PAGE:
Faithful Friends Pet Cemetery & Crematory is available to answer all of your questions about burial and cremation planning so you can make an informed decision after a pet death. Learn more about pet cremation cost, burial, and pet memorials in Fort Worth, Texas by calling (682) 587-2324.
No pet owner likes the idea of his or her animal suffering needlessly. Although pet deaths are painful, owners often choose that option over allowing their animal to be in pain. Because cats are notoriously stoic, it can be hard to know when they are suffering. Watch this video to learn signs that your cat has arthritis pain. This advice can also help you recognize other kinds of medical issues in your cat.
Cats who are experiencing pain may resist being pet and may stop grooming themselves. If you suspect your cat is hurting or is otherwise ill, contact a vet for advice. Early treatment can sometimes prevent pet deaths.
At Faithful Friends Pet Cemetery & Crematory , we know how difficult the loss of a pet is. Get compassionate help learning about pet cremation costs and planning a pet memorial in Dallas by calling (682) 587-2324.
Pet deaths can affect children just as deeply as they do parents. After the loss of a pet, or when you know that a pet is terminally ill or will be euthanized, parents can help their children cope by talking to them openly about what is happening. The discussion can be difficult for parents who are also coping with the loss, but these tips will help you get the conversation started.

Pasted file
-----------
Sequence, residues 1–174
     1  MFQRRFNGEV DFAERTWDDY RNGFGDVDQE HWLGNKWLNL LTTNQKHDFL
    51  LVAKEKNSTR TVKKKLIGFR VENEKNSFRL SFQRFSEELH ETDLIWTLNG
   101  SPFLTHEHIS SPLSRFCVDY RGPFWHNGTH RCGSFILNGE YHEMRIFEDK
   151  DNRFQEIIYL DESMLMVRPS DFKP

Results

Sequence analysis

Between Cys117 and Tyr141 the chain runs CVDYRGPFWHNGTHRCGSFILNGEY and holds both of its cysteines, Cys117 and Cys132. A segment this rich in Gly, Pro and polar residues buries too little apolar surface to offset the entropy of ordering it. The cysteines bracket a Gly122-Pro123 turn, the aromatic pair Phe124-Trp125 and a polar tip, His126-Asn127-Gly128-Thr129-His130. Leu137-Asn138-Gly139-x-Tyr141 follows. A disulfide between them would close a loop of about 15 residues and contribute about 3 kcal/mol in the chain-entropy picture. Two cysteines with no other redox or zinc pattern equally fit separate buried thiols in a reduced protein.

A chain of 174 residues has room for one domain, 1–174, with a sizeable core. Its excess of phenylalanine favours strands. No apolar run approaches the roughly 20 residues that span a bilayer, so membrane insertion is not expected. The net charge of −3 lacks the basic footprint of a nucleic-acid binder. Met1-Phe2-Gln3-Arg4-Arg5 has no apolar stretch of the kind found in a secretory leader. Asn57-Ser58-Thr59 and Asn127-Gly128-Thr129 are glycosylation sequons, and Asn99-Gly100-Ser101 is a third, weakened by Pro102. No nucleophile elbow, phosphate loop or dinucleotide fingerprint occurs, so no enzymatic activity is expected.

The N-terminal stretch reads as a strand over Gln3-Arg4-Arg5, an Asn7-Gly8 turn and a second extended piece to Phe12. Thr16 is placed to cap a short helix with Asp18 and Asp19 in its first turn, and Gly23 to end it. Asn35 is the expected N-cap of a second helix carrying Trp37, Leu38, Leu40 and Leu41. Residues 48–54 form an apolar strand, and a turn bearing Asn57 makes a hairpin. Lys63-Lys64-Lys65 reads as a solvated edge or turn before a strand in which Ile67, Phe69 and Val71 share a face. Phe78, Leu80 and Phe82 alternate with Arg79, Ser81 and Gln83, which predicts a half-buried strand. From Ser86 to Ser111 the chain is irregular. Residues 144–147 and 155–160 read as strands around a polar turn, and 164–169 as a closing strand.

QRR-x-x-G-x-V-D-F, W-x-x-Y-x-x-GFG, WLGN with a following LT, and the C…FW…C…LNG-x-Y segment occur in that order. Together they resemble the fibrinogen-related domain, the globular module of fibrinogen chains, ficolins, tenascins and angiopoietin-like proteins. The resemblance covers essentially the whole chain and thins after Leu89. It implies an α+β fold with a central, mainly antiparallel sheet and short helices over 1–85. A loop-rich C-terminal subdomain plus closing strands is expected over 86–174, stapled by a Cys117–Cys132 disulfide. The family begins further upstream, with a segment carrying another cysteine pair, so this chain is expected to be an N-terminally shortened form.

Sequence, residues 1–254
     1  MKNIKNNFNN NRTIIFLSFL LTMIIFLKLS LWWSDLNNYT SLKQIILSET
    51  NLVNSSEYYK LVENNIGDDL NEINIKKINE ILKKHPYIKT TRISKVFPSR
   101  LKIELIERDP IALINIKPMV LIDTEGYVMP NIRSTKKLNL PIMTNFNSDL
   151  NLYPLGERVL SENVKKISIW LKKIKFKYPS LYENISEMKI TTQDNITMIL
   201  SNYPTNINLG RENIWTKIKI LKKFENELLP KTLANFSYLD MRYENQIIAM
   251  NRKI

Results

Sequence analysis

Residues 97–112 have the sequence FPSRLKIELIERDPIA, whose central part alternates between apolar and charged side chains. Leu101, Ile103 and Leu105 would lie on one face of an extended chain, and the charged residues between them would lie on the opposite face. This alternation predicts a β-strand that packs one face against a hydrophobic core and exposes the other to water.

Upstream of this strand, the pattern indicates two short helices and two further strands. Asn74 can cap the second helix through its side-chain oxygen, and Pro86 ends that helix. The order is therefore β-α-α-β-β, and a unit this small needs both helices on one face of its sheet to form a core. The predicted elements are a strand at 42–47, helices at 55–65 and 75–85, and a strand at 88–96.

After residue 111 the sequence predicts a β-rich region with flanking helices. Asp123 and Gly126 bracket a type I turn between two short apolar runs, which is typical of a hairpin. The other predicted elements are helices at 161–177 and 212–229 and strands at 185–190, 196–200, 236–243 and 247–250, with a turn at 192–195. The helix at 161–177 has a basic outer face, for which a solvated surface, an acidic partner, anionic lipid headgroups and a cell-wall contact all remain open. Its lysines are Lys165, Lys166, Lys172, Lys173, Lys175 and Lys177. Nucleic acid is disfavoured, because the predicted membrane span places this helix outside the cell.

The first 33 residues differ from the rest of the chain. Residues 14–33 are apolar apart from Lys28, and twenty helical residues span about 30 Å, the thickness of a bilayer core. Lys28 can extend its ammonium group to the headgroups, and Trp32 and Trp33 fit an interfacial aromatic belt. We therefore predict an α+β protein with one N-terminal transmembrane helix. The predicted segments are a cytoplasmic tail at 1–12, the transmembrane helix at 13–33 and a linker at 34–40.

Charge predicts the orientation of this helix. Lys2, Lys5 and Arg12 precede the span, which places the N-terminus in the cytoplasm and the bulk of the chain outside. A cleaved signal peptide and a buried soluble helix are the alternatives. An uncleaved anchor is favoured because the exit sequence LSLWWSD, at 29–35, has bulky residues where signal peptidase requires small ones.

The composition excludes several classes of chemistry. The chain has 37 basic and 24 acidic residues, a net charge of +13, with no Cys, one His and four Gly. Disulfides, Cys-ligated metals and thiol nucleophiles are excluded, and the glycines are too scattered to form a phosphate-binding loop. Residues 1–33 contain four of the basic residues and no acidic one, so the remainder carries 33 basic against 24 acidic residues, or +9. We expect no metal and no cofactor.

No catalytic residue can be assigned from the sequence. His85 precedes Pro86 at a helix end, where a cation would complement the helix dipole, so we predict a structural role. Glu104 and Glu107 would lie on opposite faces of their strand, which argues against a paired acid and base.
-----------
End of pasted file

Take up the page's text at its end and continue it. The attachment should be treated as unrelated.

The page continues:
Sometimes pet deaths are unexpected, but if you have the ability to prepare your children for the inevitable loss of family pet, then do so. As your pet ages, talk to your children about the death of your pet in the future and how that will affect you as a family. These conversations allow your children to ask questions and get a better understanding of what the loss will mean so it is not so surprising or confusing when it actually happens.
Although it may be tempting to try to cushion the blow for your children, avoid using euphemisms, such as saying that your pet has gone to sleep or has gone away. For young children, this language can be confusing and can leave them with the impression that the pet is coming back. It may also make them afraid to sleep or that if you leave the house that you won’t return. Use honest language to avoid these difficulties.
Stay Age Appropriate
Children’s understanding of death varies at different stages of development. Before age two, children usually respond to parents’ cues about the loss of a pet. Before age five, children may struggle to see death as permanent. Before age 10, children may feel some kind of responsibility for the loss of a pet because they had at times been frustrated with the animal or ignored it. Provide truthful information in a way your children are old enough to process. Having a pet funeral or memorial can help children understand the loss.
Support services are available from Faithful Friends Pet Cemetery & Crematory, as well as pet cremation and pet caskets in Dallas, Texas . When you lose a pet, call us for help at (682) 587-2324.